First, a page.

How important is it to you to infuse your culture and your identity into your roles? Do you ever feel like it’s a sort of typecast situation, or no?

Not necessarily. I’m very grateful for every role that I’ve been doing up until now. I always want to speak up for my identity and for my heritage. Being Jewish, but also being queer, is such a main part of my identity. So telling that story tells a story of my own ancestors. But the Holocaust had so many more victims than the Jews. LGBTQ men were executed there. We can see it in the film Bent, which is so good. It’s about gay men in the Holocaust. It devastated me.

As a queer person, I feel like telling a story of racism and ignorance is important at any time. And again, in the Holocaust, it was against the Jews, but it was also against gay men and people with disabilities and people of color and the elderly. All sorts of minorities were affected by that, and it really means the world for me to tell these kinds of stories that represent me, where I come from and who I am.

You’ve been doing a lot of fashion editorial type shoots lately. Who are some of your favorite designers, or how big of a role does fashion play in your world?

I love fashion so much, because it just allows you to express yourself in such a wild way. And it’s in such a safe space, because it’s fashion. It requires you to expand your own limits and borders and to think outside of the box. But also, there’s always thought behind it. So it’s such a beautiful way of expression. I love Loewe and what Jonathan Anderson does. I really liked how he dressed everyone for the Met Gala. I really liked this team that he crafted. I think I’d want to be a part of this team.

Favorite look at the Met Gala?

Such a hard question. Hmm, Lana. I loved Lana’s look.

Yeah, hers was the best.

I also just really, really love her. She’s so good. It’s like when you listen to her, you can’t not be transformed. You hit play and you’re in a whole different world and state of mind. If you drive somewhere and you play her, which is what I do, when you leave that car you will be a different person. Listening to her words and her music, I don’t know, she smashes my heart every time.

The great poet of our time.

And also so relatable. We’ve all been through what she’s describing. I am subletting an apartment on Genesee, which she sings in “Sweet” on her new album. I listened to that song in the shower, and I was like, holy fuck.

Do you have any other niche interests or hobbies that people would be surprised to know about you?

I’m super into working out. I dislocated my shoulder on a film that I did three months ago, and I couldn’t work out because I had to recover. I enjoyed it at the beginning, but then it became horrible not being able to move. Now I’m just starting to get back into working out, and being in LA, everyone is so hot and so fit. Everyone looks like the Hulk. I’m objectively a tall guy, but being in LA, everyone here are giants. I feel very insecure going into the gym. And then being in LA and seeing all the supplements culture, I feel like I’m becoming an addict for aloe vera. Apple cider vinegar and medicinal mushrooms like cordyceps. Vitamins. I’ve become kind of like an LA cliché. I’m always preparing some kind of elixir. I’m always mixing something. Overnight oats. Something’s always happening in the kitchen.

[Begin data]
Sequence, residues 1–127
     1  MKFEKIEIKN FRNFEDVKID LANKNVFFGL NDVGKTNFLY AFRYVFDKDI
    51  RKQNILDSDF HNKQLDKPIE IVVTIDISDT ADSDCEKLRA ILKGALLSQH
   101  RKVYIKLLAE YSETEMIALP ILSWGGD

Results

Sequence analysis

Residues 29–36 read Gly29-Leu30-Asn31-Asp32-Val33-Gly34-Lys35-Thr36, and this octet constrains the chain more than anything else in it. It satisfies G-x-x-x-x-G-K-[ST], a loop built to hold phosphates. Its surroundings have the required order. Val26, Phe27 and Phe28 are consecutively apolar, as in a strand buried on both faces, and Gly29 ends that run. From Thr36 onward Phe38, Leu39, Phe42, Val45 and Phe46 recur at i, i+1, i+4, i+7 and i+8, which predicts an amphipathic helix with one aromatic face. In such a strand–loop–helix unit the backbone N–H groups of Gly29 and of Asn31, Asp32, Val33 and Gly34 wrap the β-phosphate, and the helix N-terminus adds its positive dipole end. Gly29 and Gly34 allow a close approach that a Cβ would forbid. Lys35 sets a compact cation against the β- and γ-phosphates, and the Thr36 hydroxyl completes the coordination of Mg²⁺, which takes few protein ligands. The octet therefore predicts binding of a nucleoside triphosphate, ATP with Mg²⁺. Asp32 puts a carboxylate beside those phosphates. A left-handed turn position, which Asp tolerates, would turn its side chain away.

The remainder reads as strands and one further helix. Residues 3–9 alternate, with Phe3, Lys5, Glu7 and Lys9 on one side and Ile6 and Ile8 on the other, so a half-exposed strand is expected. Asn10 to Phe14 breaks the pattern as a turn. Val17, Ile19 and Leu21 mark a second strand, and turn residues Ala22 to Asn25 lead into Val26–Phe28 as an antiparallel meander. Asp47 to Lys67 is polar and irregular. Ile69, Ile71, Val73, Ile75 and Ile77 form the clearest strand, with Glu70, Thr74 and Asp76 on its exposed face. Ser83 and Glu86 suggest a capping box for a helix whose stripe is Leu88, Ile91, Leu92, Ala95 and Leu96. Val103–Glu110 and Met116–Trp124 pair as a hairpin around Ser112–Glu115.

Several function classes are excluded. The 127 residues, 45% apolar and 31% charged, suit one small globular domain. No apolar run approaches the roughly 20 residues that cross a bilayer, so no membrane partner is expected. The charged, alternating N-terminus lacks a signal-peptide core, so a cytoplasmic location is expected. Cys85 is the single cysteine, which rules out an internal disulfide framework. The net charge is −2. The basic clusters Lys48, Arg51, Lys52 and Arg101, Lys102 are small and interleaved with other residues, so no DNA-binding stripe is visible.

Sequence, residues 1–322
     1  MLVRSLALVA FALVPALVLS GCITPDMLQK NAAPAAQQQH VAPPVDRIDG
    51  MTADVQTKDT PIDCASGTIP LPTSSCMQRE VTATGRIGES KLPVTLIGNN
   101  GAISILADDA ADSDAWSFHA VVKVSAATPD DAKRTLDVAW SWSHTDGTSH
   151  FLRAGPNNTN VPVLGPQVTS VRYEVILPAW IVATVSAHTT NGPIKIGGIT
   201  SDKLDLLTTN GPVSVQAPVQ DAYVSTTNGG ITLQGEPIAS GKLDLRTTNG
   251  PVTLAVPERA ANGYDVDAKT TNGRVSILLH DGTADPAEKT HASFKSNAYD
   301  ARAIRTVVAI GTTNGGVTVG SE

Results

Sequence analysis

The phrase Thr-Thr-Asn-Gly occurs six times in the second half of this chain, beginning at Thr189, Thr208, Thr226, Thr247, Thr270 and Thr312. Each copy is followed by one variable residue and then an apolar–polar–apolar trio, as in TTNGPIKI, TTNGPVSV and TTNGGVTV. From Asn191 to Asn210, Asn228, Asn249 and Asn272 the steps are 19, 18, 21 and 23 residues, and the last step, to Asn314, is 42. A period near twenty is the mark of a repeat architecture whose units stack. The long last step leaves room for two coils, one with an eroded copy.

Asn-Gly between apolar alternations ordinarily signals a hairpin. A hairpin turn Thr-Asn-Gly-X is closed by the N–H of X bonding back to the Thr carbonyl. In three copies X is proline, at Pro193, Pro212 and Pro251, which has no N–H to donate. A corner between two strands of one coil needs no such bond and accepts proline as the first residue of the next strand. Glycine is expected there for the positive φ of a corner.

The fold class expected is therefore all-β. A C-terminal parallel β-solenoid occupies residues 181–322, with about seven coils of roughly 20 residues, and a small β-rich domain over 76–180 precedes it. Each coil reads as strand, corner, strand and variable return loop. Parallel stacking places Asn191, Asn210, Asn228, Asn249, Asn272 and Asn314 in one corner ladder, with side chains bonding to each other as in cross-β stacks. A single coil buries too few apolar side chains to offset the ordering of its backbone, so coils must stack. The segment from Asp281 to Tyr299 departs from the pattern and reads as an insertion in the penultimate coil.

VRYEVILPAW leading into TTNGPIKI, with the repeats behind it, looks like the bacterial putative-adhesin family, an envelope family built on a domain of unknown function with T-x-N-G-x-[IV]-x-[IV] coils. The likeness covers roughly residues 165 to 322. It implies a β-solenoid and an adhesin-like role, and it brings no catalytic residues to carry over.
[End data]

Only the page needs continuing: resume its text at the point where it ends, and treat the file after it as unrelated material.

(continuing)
In another life, if you weren’t an actor, what would you be?

Maybe a supplements shaman. Like a Chinese medicine specialist. I’d do acupuncture and cupping, and then I’d take your blood and tell you what’s bad for you, what’s good for you. I think I’d be that.

My grandpa got stung by 150 bees about twenty years ago, and he’s like the healthiest man ever. I think that’s why. Because in Chinese medicine, they sting you with bees on purpose because it really boosts your immune system.

Oh my god. This is the first time I’m hearing about that, and I consider myself very knowledgeable about these things. This reminds me that the other day, I felt a little bit of a cold, so I went to this place on Sunset and got vitamins injected into my butt muscle. I got vitamin B. It was red and sparkly. After that, I went to cryotherapy where you stand in minus 150 degrees for three and a half minutes. It was snowing in that small room. You can blast your ears with music to get you dancing. I was listening to “Prada” because I needed to get my body moving.

That’s like a Lana song title. “I Walked to Sunset Boulevard to Get My Vitamin B.”

Yeah, and then went to cryotherapy.

What’s your dream role?

I think that up until now, I’ve been doing a lot of heavy, sad, tragic things. I’d like to do some indie, maybe queer, maybe uplifting roles. But I do like heart-wrench, so maybe a modern queer Romeo and Juliet that doesn’t end with a tragic ending. I don’t know. There are so many amazing roles that I’d love to do. I’d love to be a bad guy at some point. A psychopath.

No comedy?

I love comedy. I always look for comedy when I act. That’s my default move, to look for where I can add a bit of lightness and humor. I mean, in my personal life, I’m so distant from the characters that I play. I think my friends would say that I’m funnier and lighter [than my roles]. So I do always look for where I can add [humor]. I think the best thing is when it’s a mixture of pain and death and darkness, but also humor and laughter. So I’m looking for a more complicated role than just comedy, although I would love to do anything. So I don’t know what I’m talking about.

Photography: Tyler Matthew Oyer